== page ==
The trouble withtactile feedback via buttons is that it arbitrarily limits us in the applications that can be built. Designing a powerful and intuitive piece of software comes down to how buttons are mapped, and it often becomes horribly complicated with button combos and the like. Software using physical buttons and designed for small screens is very confusing, since there is generally not enough screen space for on-screen help.
<br><br>The solution tends to be a very small tactile keyboard, and, frankly, I find that even less intuitive. People can say all they want about tiny button keyboards being usable, but in my opinion, they are both ugly and slow. They also limit us in the usability of the device; A touch screen we can rotate between Portrait and Landscape mode. If there was a mini keyboard involved, that would be very difficult to design!
<br>I do not think qwerty was ever intended for thumb typing, so it is no wonder I find it so unintuitive. Far more intuitive is an on-screen keyboard using auto completion, guided graphiti, or a messag-ease inspired layout.
<br>Finally, I think a touch screen is a good choice for a platform designed to grow smoothly as a home for new ideas in mobile interface design.<br><br>That isn't to say I think having a tactile keyboard, or some buttons, is a /bad/ idea, though. I don't think the hardware should get in the way of expandability, and I am driven crazy particularly when hardware makes assumptions about the software it is built for. (Eg: The Windows key). I also am strongly opposed to a device packing built in, permanent features which are less than perfect. (For example,
1.5 megapixel digital cameras). Let there be room for a portable Bluetooth keyboard; one that is designed to be a usable keyboard, rather than a tiny button pad.<br><br><br>Okay, tactile feedback :)<br>I agree, it's a great thing to have. I always point people to the Nintendo Wii as an example of tactile feedback done right. The input method is, itself, very tactile compared to the use of a touch screen, since it is done in three dimensions without the limitation of an artificial environment. They did a great job of making the controller come to life just with a speaker and a rumble feature -- both things we have available in the Neo.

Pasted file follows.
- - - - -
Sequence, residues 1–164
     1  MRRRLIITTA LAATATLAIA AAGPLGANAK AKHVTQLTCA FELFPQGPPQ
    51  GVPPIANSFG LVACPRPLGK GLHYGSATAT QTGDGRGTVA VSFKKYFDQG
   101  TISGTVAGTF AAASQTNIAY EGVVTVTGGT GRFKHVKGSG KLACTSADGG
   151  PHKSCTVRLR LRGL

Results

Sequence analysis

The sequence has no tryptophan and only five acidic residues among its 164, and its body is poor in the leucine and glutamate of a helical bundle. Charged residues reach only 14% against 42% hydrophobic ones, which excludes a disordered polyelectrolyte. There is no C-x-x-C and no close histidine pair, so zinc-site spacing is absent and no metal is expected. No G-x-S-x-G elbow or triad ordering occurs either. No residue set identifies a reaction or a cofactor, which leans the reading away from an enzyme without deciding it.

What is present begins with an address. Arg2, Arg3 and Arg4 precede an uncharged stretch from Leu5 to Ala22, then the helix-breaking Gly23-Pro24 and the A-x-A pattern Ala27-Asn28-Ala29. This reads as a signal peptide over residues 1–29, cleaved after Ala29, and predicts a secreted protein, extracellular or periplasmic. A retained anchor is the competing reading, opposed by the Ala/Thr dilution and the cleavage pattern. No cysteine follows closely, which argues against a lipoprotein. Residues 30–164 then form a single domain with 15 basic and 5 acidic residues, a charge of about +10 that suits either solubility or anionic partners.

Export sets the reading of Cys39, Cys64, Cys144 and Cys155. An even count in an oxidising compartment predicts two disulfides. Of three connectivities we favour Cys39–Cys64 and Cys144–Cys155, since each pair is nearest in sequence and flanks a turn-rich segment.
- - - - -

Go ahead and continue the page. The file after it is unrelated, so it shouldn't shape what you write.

<br>In my opinion, the additional plastic bits that can be attached to the controller (steering wheels, for example) are a disappointing departure from what the controller is capable of. The whole point is that it makes something out of nothing; it somehow feels like a baseball bat or a tennis raquet just with basic functionality that is already there. No need to buy an extra peripheral to make it become these things. It just works, like a magic trick!
<br><br>A random question, now: Does the Wii controller have multiple positions for rumbling? I don't believe it does, but just wondering. That, I think, would be a fantastic way to get more tactile feedback. Instead of a vibration just being an abstract concept, it could actually be focussed to a particular point. Thus, the tennis racquet would be vibrating on one particular end but not much at the base, whereas a ping-pong paddle would give a more evenly distributed effect.
<br><br>Back to actually practical interfaces, I think tactile feedback by rumbling can be a lot more interesting and attractive if it is not just "a rumble", but a tightening up on the top left, or on the center of the device. Have to keep in mind that the vibration has to be very slight to avoid damaging the screen. I don't think a huge ammount is necessary; just a little hint is enough for the illusion of added pressure. (After all, hands are very sensitive)...
<br><br>Bye,<br>-Dylan McCall<br><br><div><span class="gmail_quote">On 9/11/07, <b class="gmail_sendername">Simon</b> <<a href="mailto:firstname.lastname@example.org">email@example.com</a>> wrote:</span><blockquote class="gmail_quote" style="border-left: 1px solid rgb(204, 204, 204); margin: 0pt 0pt 0pt 0.8ex; padding-left: 1ex;">
Some "screen protectors" could be made to have relief boundaries<br>between all the buttons... so you just stick you keyboard relief on<br>the screen, close your eyes and write an email!<br>If not then, lets forget about tactile sensations, those that look for
<br>that can buy usb/bt keyboards! (like I'm going to do)<br><br>Simon<br><br>On 9/11/07, Alexey Feldgendler <<a href="mailto:firstname.lastname@example.org">email@example.com</a>> wrote:<br>> <a href="http://blogs.s60.com/browser/2007/08/the_problem_with_touch_screens.html">
http://blogs.s60.com/browser/2007/08/the_problem_with_touch_screens.html</a><br>><br>> The point of the article is that touch screens lack the tactile feedback<br>> that's inherent to physical buttons.<br>>
<br>> I wonder if it's possible to simulate some of that feedback using the<br>> vibrator built into Neo.<br>><br>><br>> --<br>> Alexey Feldgendler <<a href="mailto:firstname.lastname@example.org">email@example.com
</a>><br>> [ICQ: 115226275] <a href="http://feldgendler.livejournal.com">http://feldgendler.livejournal.com</a><br>><br>> _______________________________________________<br>> OpenMoko community mailing list
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